* Investor lawsuit claims firm hid details
* Goldman not immediately available for comment
* Shares of Goldman fall
(Adds interview with lawyer, bylines)
By Alexandria Sage and Jonathan Stempel
SAN FRANCISCO/NEW YORK, April 26 Goldman Sachs
Group Inc (GS.N) and Chief Executive Lloyd Blankfein were hit
with a shareholder lawsuit claiming they hid key details about
a risky transaction that resulted in civil fraud charges and a
plummet in its stock price.
Monday's lawsuit filed in Manhattan federal court accused
Goldman of making materially false and misleading statements
about an Abacus collateralized debt obligation tied to subprime
mortgages that regulators say it created and marketed though it
was designed to lose money.
The complaint also alleged Goldman concealed its receipt of
a Wells notice last July from the U.S. Securities and Exchange
Commission, indicating potential civil charges over Abacus.
According to the complaint, Goldman's actions caused its
shares to trade at inflated levels. The shares fell 12.8
percent on April 16, wiping out more than $12 billion of value,
after the SEC filed a civil fraud lawsuit against Goldman.
"For anyone to say this type of development is not
something a reasonable investor would not want to know simply
does not hold water," said Darren Robbins, a partner at Robbins
Geller Rudman & Dowd LLP, which filed the complaint.
The lawsuit seeks class-action status and unspecified
damages on behalf of potentially thousands of shareholders.
Goldman did not immediately return a call seeking comment.
Other executives named as defendants are Chief Operating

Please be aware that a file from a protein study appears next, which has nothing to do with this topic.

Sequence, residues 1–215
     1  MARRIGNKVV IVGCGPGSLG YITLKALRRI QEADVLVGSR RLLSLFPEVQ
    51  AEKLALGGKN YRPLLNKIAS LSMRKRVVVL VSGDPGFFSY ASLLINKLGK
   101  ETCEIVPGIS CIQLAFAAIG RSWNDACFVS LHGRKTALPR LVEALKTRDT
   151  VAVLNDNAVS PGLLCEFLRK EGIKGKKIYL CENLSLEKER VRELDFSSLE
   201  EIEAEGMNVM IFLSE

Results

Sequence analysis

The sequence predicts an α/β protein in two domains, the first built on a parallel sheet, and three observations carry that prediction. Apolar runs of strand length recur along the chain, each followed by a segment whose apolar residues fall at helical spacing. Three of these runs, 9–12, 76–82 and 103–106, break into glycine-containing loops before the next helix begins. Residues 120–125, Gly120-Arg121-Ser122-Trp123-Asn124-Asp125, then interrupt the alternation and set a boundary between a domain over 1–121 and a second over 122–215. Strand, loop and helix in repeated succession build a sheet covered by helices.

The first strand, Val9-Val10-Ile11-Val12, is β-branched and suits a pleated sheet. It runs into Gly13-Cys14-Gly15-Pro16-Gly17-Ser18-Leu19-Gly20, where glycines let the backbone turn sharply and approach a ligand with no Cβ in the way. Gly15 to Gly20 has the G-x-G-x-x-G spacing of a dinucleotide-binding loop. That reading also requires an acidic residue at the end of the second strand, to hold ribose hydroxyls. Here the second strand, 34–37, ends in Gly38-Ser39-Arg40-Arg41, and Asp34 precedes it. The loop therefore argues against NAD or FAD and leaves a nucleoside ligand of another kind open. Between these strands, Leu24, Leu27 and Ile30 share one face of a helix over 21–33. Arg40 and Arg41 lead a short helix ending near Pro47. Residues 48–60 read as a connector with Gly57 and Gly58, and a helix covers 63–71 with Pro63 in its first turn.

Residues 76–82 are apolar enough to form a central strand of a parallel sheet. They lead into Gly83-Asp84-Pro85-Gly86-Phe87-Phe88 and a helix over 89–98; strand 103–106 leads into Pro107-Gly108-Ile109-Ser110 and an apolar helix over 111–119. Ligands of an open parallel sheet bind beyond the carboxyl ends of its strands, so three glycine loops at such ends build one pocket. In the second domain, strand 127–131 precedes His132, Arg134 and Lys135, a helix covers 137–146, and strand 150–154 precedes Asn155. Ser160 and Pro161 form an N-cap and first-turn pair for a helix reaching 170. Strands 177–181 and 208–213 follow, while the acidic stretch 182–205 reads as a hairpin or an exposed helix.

Officer Gary Cohn and Chief Financial Officer David Viniar.
Graphic on Goldman Sachs Case
BreakingViews on Senate probe into Goldman [nLDE63P0JX]
Shares of Goldman were down $4.95, or 3.2 percent, at
$152.44 in afternoon trading on the New York Stock Exchange.
BLANKFEIN TO TESTIFY
In its lawsuit -- which involved the same Abacus
transaction -- the SEC accused Goldman of failing to tell
investors that securities underlying Abacus were chosen by
billionaire hedge fund investor John Paulson, who was betting
that the securities would lose value.
Paulson made about $1 billion on Abacus, roughly the amount
other investors are believed to have lost. Goldman called the
SEC allegations unfounded and Paulson has not been charged.
Blankfein and Fabrice Tourre, a Goldman vice president
believed to be the main creator of the Abacus transaction, are
scheduled to testify before a Senate panel on Tuesday.
Democrats are using the case to try to gain momentum to
tighten financial oversight, which President Barack Obama
Robbins said Monday's lawsuit is the first securities fraud
case filed against Goldman and seeking class-action status
since the SEC sued. Legal experts expect others to follow.
The named plaintiff is Ilene Richman, a Goldman shareholder
who Robbins said was "extremely troubled by the conduct that
went on." She was not immediately reachable for comment.
Last week, Goldman was also hit with two shareholder
derivative lawsuits accusing the bank's executives and board of
breaching fiduciary duties. Shareholders bring derivative
lawsuits on behalf of companies to enforce or defend rights
that the companies fail to address on their own.
The case is Richman v. Goldman Sachs Group Inc et al, U.S.
District Court, Southern District of New York.
(Reporting by Alexandria Sage and Jonathan Stempel, editing by
Gerald E. McCormick)